After the publication of a number of articles misrepresenting the UN human rights system in relation to Algeria, the UN Human Rights Office is issuing the following clarification:
GENEVA (4 September 2020) — An article published in French, Arabic and English by the Algérie Presse Service (APS) on Tuesday 1 September claimed that a body called “The Geneva Office of the United Nations Dispute Tribunal” (‘le Bureau des Contentieux de l’ONU à Genève’) had rejected a complaint by a group of Algerian political activists “24 hours after being submitted and examined by the office’s legal officers.”
The article listed reasons why the complaint had been summarily dismissed, and quoted an interview it said had been broadcast two days earlier on Radio Monte Carlo by an individual purportedly called Issam Al Muhammadi whom APS described as the Secretary of the tribunal. The Algerian news agency article contained a large photograph of a UN meeting room in Geneva, complete with UN logo, apparently aiming to lend credibility to the story.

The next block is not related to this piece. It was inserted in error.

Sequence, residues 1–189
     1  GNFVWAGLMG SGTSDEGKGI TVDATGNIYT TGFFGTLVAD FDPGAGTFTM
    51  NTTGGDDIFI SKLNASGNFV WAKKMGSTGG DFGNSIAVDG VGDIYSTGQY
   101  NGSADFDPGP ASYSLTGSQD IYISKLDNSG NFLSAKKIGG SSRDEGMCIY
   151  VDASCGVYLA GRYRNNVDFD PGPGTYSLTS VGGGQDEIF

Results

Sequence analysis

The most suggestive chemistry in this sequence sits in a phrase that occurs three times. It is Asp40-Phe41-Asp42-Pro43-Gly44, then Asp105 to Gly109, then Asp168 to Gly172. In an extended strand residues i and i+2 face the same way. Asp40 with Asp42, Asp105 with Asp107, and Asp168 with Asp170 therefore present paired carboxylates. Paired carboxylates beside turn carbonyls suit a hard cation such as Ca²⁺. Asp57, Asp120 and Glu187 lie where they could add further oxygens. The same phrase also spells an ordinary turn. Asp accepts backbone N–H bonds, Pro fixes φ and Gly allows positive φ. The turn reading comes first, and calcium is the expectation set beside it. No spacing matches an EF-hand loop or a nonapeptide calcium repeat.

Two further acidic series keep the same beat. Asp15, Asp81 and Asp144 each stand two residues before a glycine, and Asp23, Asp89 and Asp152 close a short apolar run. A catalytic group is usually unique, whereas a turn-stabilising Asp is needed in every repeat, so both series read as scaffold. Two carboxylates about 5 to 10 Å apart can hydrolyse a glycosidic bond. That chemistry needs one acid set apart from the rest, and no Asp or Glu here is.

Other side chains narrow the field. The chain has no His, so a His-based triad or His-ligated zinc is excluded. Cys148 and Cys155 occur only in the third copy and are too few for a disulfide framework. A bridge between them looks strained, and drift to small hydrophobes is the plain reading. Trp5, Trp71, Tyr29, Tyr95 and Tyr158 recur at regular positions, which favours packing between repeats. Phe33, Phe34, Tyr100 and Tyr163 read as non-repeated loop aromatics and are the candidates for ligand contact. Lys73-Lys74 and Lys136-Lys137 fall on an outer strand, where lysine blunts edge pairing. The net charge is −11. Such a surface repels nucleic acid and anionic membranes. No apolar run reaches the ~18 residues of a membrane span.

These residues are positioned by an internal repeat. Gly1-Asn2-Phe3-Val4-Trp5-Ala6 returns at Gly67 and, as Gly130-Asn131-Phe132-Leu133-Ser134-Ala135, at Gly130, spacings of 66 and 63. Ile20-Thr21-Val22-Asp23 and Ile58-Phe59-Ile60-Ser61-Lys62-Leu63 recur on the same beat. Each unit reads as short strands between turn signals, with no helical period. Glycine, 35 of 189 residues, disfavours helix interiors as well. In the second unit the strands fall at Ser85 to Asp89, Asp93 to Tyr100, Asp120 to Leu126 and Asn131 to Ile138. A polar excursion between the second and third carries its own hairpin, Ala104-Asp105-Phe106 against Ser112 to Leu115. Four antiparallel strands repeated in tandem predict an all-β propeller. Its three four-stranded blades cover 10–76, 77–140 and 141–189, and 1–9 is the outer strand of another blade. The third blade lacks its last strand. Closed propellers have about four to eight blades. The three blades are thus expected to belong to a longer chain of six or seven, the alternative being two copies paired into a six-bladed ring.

UN Human Rights Office spokesperson Rupert Colville on Friday made it clear the article was incorrect.
“The information contained in the article – which has been widely picked up by other media in Algeria and elsewhere — is a complete fabrication from start to finish,” he said. “No UN human rights body with this name exists* and we have been unable to identify any relevant UN staff member or independent UN human rights expert named Issam Al Muhammadi.”
While there are a number of human right bodies that do receive and examine complaints of this type, none of them conduct an expedited 24-hour procedure.
“We request that the Algérie Presse Service and Radio Monte Carlo – if indeed it was the original source of the story – withdraw this false information and make it clear to their readers and listeners that the story was a total fabrication,” Colville said.
On Thursday, a second problematic story – from the opposite perspective – was published by an online media site called Algérie Part. This article correctly identified the APS article as false, but included lengthy quotes from an interview it claimed it had conducted with another UN Human Rights Office spokesperson. While the spokesperson had spoken briefly to a number of journalists, the quotes ascribed to her by Algérie Part are largely invented.
The UN Human Rights Office confirmed that Algerian citizens and activists have made complaints in recent weeks, and that the relevant human rights bodies would examine them in due course.